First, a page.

This was posted in a blog by a fuel retailer (let's just say from the upper midwest)
Message Posted: Jun 4, 2013 11:17:49 AM
As a retail fuel station owner, I’ve noticed a lot of reports about rising gas prices in the news. Most of the stories include some reference to an ethanol “blend wall,” which oil companies say makes it impossible for them to blend enough ethanol into gas to meet regulations without being forced to sell fuel blends that “no station owner wants to sell, and no motorists want to buy.”
E15 is the fuel blend mentioned in most, if not all of those stories, and I am writing to take issue with all of those news reports. I am a station owner who already sells E15, and so many customers want to buy it that it is already the second best-selling fuel in my station.
I started selling E15 soon after the EPA approved it in vehicles 2001 and newer. The fuel is accurately labeled and marked so my customers know exactly what they are getting when fueling up with E15. Selling E15 makes good business sense because I’m offering a fuel that is partially made by my neighbors, helping support local jobs and giving customers a chance to save money at the pump.
Since offering E15 for sale last year, I have noticed that consumers quickly become comfortable going beyond 10 percent ethanol, and they appreciate the lower price that E15 offers drivers. I was confident in the quality of E15, given several years and 6 million miles of federal testing and knowing that NASCAR uses E15 every week. There isn’t a much tougher test than that. As further proof, contrary to what ethanol opponents would like consumers to believe about E15, since offering E15 for sale, I have had zero complaints and have not had to pay for a single vehicle repair.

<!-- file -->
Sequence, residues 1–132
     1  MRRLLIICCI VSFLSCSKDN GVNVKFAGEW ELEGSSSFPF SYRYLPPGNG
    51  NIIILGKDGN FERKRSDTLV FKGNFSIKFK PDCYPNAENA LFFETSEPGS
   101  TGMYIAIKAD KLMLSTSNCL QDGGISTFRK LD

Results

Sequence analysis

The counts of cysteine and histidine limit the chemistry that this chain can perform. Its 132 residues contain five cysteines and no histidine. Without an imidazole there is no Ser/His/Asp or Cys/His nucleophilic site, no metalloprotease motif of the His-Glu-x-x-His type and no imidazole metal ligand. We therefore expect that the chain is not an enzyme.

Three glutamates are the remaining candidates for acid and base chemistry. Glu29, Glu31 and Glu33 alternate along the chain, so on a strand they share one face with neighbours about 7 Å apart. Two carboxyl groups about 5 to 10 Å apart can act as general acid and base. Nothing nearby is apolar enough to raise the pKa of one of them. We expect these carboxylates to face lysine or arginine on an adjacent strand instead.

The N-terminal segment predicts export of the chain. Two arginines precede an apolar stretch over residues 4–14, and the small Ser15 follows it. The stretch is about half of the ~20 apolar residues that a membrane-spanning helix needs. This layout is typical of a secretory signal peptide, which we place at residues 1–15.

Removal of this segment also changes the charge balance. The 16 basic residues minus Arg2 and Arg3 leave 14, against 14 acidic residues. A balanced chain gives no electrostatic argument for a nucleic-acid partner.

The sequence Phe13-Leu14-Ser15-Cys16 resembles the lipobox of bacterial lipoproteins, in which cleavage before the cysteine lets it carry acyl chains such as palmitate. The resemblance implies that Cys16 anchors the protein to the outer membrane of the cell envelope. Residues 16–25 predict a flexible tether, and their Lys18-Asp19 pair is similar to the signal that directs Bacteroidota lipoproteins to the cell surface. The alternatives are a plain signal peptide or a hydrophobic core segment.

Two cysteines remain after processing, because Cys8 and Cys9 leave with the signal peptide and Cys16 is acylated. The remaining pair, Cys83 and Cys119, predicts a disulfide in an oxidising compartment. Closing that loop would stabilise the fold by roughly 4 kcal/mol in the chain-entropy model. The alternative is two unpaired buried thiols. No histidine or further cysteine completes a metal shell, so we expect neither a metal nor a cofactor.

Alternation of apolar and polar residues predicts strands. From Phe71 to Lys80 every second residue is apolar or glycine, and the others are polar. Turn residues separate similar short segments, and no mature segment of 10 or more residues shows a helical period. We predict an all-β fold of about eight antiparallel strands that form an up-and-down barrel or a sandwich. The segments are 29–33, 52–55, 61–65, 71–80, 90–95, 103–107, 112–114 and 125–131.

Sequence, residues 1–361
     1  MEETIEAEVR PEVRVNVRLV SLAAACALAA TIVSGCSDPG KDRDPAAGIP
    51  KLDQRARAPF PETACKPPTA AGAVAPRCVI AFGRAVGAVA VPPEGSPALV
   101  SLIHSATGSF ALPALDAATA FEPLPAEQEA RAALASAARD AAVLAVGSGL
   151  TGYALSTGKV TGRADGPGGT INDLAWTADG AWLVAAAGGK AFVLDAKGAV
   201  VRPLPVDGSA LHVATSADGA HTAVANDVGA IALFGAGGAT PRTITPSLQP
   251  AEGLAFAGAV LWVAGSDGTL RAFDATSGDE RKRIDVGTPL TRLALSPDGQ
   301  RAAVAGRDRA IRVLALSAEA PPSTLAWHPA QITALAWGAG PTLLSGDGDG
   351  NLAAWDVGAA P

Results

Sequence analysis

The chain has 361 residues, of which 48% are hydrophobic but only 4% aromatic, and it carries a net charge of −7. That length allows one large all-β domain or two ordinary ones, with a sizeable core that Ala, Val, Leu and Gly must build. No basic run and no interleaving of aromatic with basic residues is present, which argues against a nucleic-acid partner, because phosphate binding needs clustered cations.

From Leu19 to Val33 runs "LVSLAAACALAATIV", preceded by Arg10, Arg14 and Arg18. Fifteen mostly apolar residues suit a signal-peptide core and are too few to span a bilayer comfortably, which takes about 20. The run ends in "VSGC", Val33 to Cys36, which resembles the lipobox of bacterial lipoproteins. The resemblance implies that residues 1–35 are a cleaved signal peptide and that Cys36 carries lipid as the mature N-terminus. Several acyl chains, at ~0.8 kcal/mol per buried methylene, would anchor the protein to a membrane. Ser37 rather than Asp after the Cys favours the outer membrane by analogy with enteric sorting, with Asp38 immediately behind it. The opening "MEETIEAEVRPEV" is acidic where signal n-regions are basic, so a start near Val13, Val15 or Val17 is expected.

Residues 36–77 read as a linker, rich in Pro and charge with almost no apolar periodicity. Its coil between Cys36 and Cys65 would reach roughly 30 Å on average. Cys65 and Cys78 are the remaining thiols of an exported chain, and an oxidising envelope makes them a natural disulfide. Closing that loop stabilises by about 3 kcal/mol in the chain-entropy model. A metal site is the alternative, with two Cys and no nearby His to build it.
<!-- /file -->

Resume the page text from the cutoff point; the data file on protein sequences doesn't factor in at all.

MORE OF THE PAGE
Recently, I was invited to talk to congressional staffers about selling E15, and they seemed surprised to hear my real-world experience offering E15 to customers is not what oil industry lobbyists had been telling them. I also told the group that there is no such thing as a 10 percent blend wall unless petroleum marketers refuse to give their customers a choice. In my station, my monthly sales show a minimum of 18 percent ethanol overall, and a maximum of 28 percent —and we hit those percentages month after month, even with my station offering ethanol-free gas. Given the choice, customers usually choose more ethanol
Unfortunately, those percentages might change during the next few months because outdated EPA regulations say I can offer E15 for flex-fuel customers only from June until mid-September. I am hopeful that those rules soon are updated so my customers can continue to buy E15 and save money year-round.
I urged the people I met in Washington, D.C., and I urge everyone else, to learn the truth about E15 fuel and ethanol. I want other station owners to rest assured that E15 is tested and proved safe, and that offering more choices to your customers is a good thing for their bottom line. And I want consumers to know that if they choose E15, it will work well in vehicles that are approved to use it, and it will save them money at the pump, help the environment and support domestic jobs and farmers.